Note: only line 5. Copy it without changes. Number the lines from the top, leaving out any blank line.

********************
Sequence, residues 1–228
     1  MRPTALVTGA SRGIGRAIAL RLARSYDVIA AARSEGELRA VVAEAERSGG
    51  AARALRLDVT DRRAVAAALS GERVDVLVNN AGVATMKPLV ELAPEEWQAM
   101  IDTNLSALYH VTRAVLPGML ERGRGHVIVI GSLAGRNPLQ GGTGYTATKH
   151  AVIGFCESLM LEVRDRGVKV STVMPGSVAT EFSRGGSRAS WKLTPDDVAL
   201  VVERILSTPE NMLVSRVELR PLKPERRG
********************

   151  AVIGFCESLM LEVRDRGVKV STVMPGSVAT EFSRGGSRAS WKLTPDDVAL